But no, no, that's not what happened at all. Instead the Securities and Exchange Commission today brought fraud charges against Holmes, Theranos and its former president, Sunny Balwani, and its complaint alleges pretty strongly that the investors were just as bamboozled as everybody else. In fact, Theranos made direct use of its positive press to raise money: It "sent investors a binder of background materials," which included "articles and profiles about Theranos, including the 2013 and 2014 articles from The Wall Street Journal, Wired, and Fortune that were written after Holmes provided them with interviews" and that included her misleading claims about the state of Theranos's technology.

Theranos also faked up demos. And forecasted revenues that were orders upon orders of magnitude more than the revenues that were actually realized. I’m quite familiar with those miracle-occurs-here hockey stick forecasts, in which all of a sudden low, sluggish revenues go sky-high the next year. But nothing along the lines of what Theranos tried to pull off: forecasting $100M for one year when in actuality the revenues for that year amounted to $100K. Nobody with one shred of intelligence and/or sanity and/or integrity can be off by that much, no matter how loonily optimistic.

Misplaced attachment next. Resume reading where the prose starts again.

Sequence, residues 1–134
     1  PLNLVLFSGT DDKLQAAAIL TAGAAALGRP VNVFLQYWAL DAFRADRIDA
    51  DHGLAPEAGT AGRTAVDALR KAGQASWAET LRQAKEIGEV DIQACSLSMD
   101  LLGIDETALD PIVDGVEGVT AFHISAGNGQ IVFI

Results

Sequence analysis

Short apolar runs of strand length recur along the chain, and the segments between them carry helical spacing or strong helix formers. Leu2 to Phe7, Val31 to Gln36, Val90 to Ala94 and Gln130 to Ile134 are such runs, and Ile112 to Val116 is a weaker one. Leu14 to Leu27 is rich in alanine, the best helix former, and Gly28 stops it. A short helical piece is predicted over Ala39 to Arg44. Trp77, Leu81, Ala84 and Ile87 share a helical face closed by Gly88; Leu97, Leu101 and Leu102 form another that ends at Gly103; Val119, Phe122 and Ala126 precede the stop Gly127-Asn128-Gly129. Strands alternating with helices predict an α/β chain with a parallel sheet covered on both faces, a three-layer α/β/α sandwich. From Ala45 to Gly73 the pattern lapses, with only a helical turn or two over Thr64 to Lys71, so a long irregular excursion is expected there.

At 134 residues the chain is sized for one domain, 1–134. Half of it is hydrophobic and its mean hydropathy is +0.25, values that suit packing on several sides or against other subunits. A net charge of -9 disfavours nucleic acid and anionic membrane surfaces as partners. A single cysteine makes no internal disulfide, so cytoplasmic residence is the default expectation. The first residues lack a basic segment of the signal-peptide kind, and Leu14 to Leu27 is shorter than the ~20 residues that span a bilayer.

The SEC has weighed in and declared that real, honest to goodness (dishonest to badness?) fraud had taken place.

Theranos and Holmes settled with the SEC without admitting or denying the allegations; Balwani will apparently fight the accusations. Holmes agreed to pay a $500,000 penalty to the SEC, "return" 18.9 million Theranos shares to the company and relinquish her super-voting control, and be barred from serving as a public-company director or officer for 10 years.

$500K seems pretty featherweight, given that the bamboozlement amounted to nearly $800M. Apples and oranges, but Martha Stewart went to prison for 5 months for what amounted to some relatively penny ante insider trading. Like Elizabeth Holmes, Martha Stewart is a pretty blonde. The difference? Martha Stewart was in her sixties when she was issued her orange jumpsuit and sent up the river; Holmes is in her thirties. Hmmmm. Just hmmmm.

Anyway, I really can’t imagine, pretty blonde or not, that Elizabeth Holmes has to worry about “serving as a public-company director or officer for 10 years.” Really, who in their right mind…

Meanwhile, as Levine points out in his article, bad enough that Elizabeth Holmes was defrauding her investors. Theranos was “performing a lot of fake blood tests.”

The Wall Street Journal has reported on the “trail of agonized patients” who got blood-test results from Theranos that turned out to be wrong, and Theranos ultimately “voided” two years of results from its machines because they were not sufficiently accurate.

Bullshitting the press. Defrauding investors. Building a “trail of agonized patients.”

I’m guessing that the next time Elizabeth Holmes decides to become rich and famous, she’s going to have a harder time getting rich or famous. Can’t get blood out of a stone. Or out of a Holmesian unicorn. Sometimes a myth is just a myth.

Earlier post on Elizabeth Holmes/Theranos.